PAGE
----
News Release

Iraqi Constitution: Divide-and-Conquer Strategy?


Shallal is an independent Iraqi-American business owner in Washington, D.C. He said today: “As I talk to more and more Iraqis, it’s clear that most do not think this constitution is a good idea. Even many Iraqis who were among the main boosters for the war are speaking out against this constitution, like Kanan Makiya [author of Republic of Fear: The Politics of Modern Iraq] and the former acting U.S. ambassador to Iraq, Rend Rahim. Iraqis are again left in a no-win situation. Hidden beneath the baroque language about the glories of Iraq is a document that will make Iraq ungovernable at best and will initiate the de facto partition of Iraq. Long-term this would keep Iraq weak and is part of the U.S. government’s divide-and-conquer strategy. The carnage and the suffering of U.S. soldiers and Iraqis is merely collateral damage to this administration’s agenda.”
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Author of the forthcoming book The Bush Agenda: Invading the World, One Economy at a Time and a visiting scholar at the Institute for Policy Studies, Juhasz said today: “The draft Iraqi constitution serves U.S. corporations and the Bush administration by leaving in place both the military and the economic occupations. It also locks in the new Iraqi oil law slated for 2006 implementation.”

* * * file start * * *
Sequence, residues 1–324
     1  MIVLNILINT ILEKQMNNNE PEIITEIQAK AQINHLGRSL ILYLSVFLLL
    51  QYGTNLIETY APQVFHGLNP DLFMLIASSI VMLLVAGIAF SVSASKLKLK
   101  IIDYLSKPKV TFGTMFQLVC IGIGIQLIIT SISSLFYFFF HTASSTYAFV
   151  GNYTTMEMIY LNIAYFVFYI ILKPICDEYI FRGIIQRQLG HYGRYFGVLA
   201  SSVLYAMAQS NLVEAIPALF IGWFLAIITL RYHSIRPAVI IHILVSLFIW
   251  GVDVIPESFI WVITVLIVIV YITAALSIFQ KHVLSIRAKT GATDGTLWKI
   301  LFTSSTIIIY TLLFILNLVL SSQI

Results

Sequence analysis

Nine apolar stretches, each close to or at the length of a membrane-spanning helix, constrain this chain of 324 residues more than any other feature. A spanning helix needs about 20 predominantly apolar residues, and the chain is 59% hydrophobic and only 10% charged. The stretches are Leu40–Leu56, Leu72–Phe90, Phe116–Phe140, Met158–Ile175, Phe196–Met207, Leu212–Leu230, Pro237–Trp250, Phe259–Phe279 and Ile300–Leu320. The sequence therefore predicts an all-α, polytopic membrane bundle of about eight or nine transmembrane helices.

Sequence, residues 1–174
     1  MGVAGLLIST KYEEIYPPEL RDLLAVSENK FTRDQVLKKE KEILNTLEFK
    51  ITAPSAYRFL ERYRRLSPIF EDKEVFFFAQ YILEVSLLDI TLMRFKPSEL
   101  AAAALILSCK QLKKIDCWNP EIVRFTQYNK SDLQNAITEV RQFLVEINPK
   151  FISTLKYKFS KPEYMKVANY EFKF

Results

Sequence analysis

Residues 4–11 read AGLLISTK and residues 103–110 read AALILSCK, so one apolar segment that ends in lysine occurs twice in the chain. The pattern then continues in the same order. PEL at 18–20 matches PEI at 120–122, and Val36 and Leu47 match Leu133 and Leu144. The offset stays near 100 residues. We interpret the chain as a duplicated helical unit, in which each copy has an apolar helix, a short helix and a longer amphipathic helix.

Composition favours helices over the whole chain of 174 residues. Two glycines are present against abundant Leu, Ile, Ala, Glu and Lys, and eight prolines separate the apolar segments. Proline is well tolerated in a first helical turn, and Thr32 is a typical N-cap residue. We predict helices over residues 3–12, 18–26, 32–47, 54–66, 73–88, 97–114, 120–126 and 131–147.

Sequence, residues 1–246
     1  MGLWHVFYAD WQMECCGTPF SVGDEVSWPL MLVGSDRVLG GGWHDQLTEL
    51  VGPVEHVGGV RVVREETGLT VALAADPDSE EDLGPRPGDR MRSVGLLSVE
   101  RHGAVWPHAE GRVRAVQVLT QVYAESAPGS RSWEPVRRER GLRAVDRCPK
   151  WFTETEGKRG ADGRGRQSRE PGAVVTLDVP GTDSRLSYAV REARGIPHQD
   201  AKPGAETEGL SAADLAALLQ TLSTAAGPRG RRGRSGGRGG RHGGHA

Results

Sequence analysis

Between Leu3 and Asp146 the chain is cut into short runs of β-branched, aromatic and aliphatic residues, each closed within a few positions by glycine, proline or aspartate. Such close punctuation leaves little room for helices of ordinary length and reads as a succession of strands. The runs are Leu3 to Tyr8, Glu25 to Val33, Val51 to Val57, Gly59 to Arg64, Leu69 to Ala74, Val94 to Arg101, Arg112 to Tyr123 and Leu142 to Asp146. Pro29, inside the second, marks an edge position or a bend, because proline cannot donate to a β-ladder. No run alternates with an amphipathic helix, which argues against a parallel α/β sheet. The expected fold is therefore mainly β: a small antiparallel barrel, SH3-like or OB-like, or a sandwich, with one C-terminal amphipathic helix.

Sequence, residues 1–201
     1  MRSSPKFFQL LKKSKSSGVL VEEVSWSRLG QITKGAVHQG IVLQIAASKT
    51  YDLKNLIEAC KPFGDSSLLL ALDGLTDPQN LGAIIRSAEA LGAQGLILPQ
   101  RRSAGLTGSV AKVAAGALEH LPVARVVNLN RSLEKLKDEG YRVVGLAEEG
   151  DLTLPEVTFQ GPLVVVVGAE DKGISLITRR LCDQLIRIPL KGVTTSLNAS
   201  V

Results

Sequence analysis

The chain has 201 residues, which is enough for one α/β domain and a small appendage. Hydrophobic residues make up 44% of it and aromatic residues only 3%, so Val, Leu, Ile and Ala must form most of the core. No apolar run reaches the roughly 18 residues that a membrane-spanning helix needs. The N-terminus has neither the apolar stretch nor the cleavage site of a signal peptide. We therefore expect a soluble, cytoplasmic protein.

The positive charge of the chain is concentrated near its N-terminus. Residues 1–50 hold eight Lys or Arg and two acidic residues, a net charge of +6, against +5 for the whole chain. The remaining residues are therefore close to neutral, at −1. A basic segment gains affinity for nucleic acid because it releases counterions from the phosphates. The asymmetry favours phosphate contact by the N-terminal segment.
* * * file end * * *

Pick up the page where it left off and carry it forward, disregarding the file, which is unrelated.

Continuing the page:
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A member of the Christian Peacemaker Team, Nash has been in Iraq for the last two years. She said today: “Iraqis are telling us that they don’t feel represented by the people putting together the constitution; it’s difficult to even get a copy of the constitution you know is accurate. Many feel large issues have not been worked out and that the U.S. is pressuring them to move too rapidly now.”
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Jarrar is an Iraqi blogger currently in Jordan.
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For more information, contact at the Institute for Public Accuracy:
Sam Husseini, (202) 347-0020; or David Zupan, (541) 484-9167